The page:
An open letter to US President Barack Obama

Sunday 04/09/2016
Nearly 1 million civilians are besieged; few new refugees are escaping

Dear Mr President:
US Secretary of State John Kerry has failed to reach agreement with Russia on coordinating attacks on extremists in Syria or even to reinstate a cessation of hostilities and ensure humanitarian access to Aleppo.
The war in Syria has killed half a million people, displaced more than half the population, threatened the stability of US allies throughout the Middle East and has resulted in damaging repercussions for America’s European allies. Your remaining months in office provide an opportunity to steer this costly conflict towards a peaceful settlement. If you do no more than you have done so far, your efforts to reduce and reshape US commitments in the Middle East will be discredited and your legacy haunted.
Your policy has been a judicious one, focused on the most serious threats to US national security: The Islamic State (ISIS) and al-Qaeda. You have avoided military clashes with the pro-Assad coalition, including the Russian Air Force, Syrian armed forces and Iran’s Islamic Revolutionary Guards Corps. You have provided military assistance to non-extremists prepared to fight ISIS and billions in humanitarian assistance to civilians.
The results over the past year have been good when measured narrowly against your objective: ISIS is losing territory, especially along the northern border with Turkey. The successful operation with Turkish support took Jarabulus, blocked an unwarranted advance there by the Kurds and cut off ISIS’s vital supply and revenue lines. An attack on ISIS’s self-proclaimed capital, Raqqa, next year is a real possibility. Al-Qaeda’s affiliate in Syria has severed loyalty to al-Qaeda central, though its goals remain anathema to US interests. We are talking with the Russians about jointly targeting what is now called Jabhat Fateh al-Sham.
Your judicious approach, however, has had unintended consequences. Fully backed by Russia and Iran, Syrian President Bashar Assad is gaining ground and attacks on Jabhat Fateh al-Sham — should the talks with Moscow eventually prove successful — will give him an opportunity to gain more.
Nearly 1 million civilians are besieged and few new refugees are escaping. Talks on a 48- hour humanitarian truce for Aleppo have bogged down. The stalwart rebels of Daraya have surrendered after a four-year siege. Syrian forces are again using chemical weapons and along with their allies are killing the non-extremist opposition that your administration supports, driving others to make common cause with extremists. Hopes for a political transition to a non- Islamist, democratic regime that will preserve Syria’s sovereignty and territorial integrity are fading.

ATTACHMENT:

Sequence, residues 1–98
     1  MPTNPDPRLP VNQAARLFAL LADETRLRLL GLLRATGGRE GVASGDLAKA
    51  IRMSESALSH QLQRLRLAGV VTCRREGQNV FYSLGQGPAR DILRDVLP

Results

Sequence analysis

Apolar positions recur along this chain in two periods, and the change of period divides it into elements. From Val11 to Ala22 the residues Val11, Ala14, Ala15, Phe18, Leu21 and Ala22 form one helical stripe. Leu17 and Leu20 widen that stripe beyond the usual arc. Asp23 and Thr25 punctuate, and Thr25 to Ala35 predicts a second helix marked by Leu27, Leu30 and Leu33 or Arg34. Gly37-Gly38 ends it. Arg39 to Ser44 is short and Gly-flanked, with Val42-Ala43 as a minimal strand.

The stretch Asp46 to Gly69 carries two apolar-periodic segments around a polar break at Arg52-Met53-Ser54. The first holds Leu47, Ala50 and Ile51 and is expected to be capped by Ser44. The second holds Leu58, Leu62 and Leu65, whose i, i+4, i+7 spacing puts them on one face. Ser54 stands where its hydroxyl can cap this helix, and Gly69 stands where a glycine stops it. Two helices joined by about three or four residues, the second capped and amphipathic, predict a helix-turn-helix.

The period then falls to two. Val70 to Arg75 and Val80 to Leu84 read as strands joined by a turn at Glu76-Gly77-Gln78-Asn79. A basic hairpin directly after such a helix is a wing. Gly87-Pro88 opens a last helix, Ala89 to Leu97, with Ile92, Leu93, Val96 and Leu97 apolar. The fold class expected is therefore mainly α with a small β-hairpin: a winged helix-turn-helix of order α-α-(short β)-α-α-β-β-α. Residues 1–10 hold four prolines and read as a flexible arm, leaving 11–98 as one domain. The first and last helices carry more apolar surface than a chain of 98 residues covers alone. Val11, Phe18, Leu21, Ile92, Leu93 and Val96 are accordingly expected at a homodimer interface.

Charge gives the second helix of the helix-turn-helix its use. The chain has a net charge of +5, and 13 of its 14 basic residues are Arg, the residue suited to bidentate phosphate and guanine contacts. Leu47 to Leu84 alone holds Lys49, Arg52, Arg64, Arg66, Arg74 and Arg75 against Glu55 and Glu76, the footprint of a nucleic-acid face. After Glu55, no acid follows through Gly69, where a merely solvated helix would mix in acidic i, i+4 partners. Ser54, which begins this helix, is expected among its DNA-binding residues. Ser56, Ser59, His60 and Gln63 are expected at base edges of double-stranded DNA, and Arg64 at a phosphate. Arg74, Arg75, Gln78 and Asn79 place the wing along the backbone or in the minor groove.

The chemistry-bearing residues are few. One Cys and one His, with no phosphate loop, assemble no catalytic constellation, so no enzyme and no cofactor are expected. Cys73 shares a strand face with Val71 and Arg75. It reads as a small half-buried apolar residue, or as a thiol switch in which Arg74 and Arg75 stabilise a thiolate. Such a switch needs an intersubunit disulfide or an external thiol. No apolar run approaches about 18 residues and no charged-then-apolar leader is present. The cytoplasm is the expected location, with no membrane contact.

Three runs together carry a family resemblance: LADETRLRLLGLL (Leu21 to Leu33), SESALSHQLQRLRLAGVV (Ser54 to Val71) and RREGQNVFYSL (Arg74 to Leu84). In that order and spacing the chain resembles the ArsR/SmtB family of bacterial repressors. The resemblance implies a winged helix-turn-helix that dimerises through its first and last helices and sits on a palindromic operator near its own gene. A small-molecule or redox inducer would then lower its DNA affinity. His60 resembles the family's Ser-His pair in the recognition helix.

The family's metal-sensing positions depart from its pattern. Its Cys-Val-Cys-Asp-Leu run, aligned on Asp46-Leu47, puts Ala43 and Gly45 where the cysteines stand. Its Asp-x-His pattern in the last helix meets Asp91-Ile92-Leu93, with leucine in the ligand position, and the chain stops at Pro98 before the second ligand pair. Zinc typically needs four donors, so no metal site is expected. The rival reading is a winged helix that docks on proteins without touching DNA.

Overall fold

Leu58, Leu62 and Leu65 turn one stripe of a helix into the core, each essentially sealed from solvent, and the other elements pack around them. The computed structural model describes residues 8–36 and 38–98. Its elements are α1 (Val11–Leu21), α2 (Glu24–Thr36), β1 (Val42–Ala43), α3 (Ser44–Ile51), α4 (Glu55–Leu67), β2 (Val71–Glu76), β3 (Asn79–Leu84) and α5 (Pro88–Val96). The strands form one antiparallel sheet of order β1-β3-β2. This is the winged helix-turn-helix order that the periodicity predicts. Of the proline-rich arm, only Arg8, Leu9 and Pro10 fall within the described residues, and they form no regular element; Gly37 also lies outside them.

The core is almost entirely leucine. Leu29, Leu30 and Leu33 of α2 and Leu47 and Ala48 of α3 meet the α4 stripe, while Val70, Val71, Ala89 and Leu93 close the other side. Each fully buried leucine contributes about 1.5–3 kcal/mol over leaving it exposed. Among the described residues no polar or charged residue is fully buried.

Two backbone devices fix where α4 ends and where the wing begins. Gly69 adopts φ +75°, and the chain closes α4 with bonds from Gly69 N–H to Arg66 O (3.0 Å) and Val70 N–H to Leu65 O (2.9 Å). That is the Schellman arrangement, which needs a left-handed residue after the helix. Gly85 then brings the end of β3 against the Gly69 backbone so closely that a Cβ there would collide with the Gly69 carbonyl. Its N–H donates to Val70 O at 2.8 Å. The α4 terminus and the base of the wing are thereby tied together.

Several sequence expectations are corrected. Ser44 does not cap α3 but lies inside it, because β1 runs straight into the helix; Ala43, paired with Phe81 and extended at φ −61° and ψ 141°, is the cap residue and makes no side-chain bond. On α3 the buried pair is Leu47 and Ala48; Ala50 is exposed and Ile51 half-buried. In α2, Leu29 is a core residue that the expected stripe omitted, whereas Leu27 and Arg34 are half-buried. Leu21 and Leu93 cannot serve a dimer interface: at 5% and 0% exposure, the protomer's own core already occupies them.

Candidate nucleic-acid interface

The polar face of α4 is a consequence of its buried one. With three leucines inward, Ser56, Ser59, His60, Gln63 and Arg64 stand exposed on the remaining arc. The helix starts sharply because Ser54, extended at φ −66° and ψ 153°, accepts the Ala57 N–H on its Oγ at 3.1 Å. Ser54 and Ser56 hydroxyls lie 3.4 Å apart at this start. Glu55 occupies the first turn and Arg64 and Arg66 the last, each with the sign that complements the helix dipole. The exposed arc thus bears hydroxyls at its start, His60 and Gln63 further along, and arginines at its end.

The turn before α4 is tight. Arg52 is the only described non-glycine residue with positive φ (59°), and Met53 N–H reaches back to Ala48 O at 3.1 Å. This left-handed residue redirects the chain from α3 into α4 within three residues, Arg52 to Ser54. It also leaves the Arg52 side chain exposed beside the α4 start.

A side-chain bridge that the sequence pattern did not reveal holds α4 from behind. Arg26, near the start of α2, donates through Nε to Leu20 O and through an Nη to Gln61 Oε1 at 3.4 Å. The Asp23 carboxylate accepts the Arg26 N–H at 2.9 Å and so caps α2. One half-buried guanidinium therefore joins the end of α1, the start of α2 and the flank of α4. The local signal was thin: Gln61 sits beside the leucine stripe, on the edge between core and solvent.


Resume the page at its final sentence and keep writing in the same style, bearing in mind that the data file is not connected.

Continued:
The United States should not abandon the goal of a negotiated political solution in Syria that meets US requirements. Here are three things you can do in your remaining months in office that will demonstrate American will and reignite diplomatic efforts in favour of such a solution:
— Support legislation in Congress that imposes sanctions on those responsible for harm to civilians.
The Caesar Syria Civilian Protection Act of 2016 would levy financial, trade, travel and arms sanctions on those who are responsible for or facilitate human rights abuses. While its practical impact might be limited because few of the perpetrators are likely to come within US jurisdiction, it would send an important signal and could cause Syrian security forces to hesitate before carrying out illegal orders to harm civilians. The European Union should join the United States in imposing sanctions;
— Ground the Syrian Air Force, both fixed-wing and helicopters.
Kerry is trying to get the Russians to do this as the quid pro quo for cooperation with the United States in attacking Jabhat Fateh al-Sham in Syria. If he fails, you should tell the Russians and Syrians that any Syrian aircraft responsible for bombing civilians will be subject to attack by the United States. Few Syrian pilots will be prepared to take that risk. If they do, shooting down just one or two such aircraft or striking them on land would likely ground the entire fleet;
— Get Hezbollah out of Syria.
Lebanese Hezbollah has provided vital ground forces to Assad, especially around Aleppo and along the Lebanese border. This Shia militia also contributes to ISIS and al-Qaeda recruitment of Sunnis as its activities exacerbate the sectarian dimension of the Syrian conflict. Hezbollah is a terrorist organisation that has killed Americans. If the United States is fighting terrorism in Syria, Hezbollah should not be immune. We should tell the Russians and Iranians that if Hezbollah remains in Syria it will be subject to US attacks, just as ISIS and al-Qaeda are.
These options are less burdensome than imposing a no-fly zone and would signal unequivocally US determination to protect Syrian civilians wherever they live.
These moves also would improve the odds for a diplomatic solution. Once Assad is deprived of the air and ground assets that have enabled him to survive and even given him an edge in the fighting, the conditions will ripen for a negotiated outcome early in Hillary Clinton’s presidency. That would be a worthy legacy.